Market Watch | Buying into the dip | business | Hindustan Times
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Market Watch | Buying into the dip

It was encouraging to see the market pull back from yet another panic dip in the early part of the session, writes Udayan Mukherjee.

business Updated: Aug 22, 2007 21:01 IST

It was encouraging to see the market pull back from yet another panic dip in the early part of the session. While this is no guarantee of a firm bottom, it does indicate that investment buying is happening every time stocks dip sharply to levels that represent “value”.

Longer-term investors have started accumulating blue chips and good quality mid-caps. In ordinary circumstances, one would have been tempted to read this as a sign that the bottoming out process has begun. However, given the manic nature of intra-day moves and the unpredictability of local and global news flow, any such inference is fraught with hazard. Investors who are buying in now should belong to that breed who are happy to accumulate even 10 per cent off the possible lows.

Some stress is evident in the mid-cap space. The way real estate stocks cracked yesterday tells you that some of the weaker hands have now started bailing out. The liquidation is happening in over-owned sectors like PSU banks, which had attracted a lot of retail and HNI interest before the correction. The resultant pain is throwing up attractive opportunities in this space.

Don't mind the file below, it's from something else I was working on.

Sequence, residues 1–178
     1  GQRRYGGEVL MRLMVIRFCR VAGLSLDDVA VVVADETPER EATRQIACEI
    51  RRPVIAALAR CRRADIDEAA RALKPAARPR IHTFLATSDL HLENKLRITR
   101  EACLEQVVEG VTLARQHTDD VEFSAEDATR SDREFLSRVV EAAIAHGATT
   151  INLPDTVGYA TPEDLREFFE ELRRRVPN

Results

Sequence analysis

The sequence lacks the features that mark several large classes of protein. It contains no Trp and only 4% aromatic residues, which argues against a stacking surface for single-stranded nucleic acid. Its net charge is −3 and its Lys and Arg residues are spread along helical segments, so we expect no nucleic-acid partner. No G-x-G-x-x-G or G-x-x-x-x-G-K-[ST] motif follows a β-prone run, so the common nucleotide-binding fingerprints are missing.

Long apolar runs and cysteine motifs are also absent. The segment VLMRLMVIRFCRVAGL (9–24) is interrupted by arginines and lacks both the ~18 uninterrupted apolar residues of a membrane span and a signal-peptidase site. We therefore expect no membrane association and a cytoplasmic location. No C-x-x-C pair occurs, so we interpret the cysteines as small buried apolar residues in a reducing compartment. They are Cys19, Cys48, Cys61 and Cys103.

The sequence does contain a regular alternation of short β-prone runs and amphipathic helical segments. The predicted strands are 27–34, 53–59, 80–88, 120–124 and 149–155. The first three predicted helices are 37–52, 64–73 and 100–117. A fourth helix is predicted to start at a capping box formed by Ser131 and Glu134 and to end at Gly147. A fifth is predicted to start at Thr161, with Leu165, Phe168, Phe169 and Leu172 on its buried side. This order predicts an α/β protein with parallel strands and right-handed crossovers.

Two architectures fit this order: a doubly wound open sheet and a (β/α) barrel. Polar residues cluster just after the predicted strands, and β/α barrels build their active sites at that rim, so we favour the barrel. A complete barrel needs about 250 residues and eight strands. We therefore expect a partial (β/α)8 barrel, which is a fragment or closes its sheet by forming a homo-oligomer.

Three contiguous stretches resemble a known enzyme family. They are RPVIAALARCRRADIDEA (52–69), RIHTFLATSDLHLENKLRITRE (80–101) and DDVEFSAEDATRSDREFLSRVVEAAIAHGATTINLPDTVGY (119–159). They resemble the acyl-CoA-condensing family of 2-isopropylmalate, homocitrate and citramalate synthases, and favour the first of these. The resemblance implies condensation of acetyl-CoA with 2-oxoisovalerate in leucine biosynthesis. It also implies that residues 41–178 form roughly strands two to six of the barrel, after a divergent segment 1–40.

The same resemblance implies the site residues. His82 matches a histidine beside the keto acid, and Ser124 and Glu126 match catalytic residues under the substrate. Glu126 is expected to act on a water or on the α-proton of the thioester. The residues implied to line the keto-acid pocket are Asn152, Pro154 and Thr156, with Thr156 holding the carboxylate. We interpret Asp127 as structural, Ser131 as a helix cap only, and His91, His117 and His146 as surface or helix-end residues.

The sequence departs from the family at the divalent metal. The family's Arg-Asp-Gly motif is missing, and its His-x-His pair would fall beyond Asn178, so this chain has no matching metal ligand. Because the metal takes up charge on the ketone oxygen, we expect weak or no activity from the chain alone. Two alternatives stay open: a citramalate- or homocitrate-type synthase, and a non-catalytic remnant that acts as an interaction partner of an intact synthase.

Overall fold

Speculative money had entered realty stocks around the time a lot of those IPOs were hitting the market; that trade is getting unwound as well. The sugar diehards are throwing in the towel; sugar stocks are plunging back to the lows they bounced from. On any adverse trigger, some of these mid-cap clusters could take more of a pounding. As one man’s poison is another man’s meat, this is already presenting good opportunities for the stronger hands. Many of these stocks are off between 20 per cent and 35 per cent from their recent peaks and may just become even more mouth watering.

We have had 15 per cent to 20 per cent corrections in this bull-run quite a few times. That is hardly surprising. The market has always been able to bounce back fairly swiftly and reclaim highs, even from as debilitating a fall as the one in May 2006. What would be worrying investors this time is the prospect of global and local uncertainties playing out over a longer period of time and extending the corrective phase. Fed on the “buy the dip, ride to new highs” diet, investors now are a restless lot. This time, what may be tested is not just their stomach to digest price corrections but the quality of endurance and patience.

(The writer is Executive Editor, CNBC-TV 18)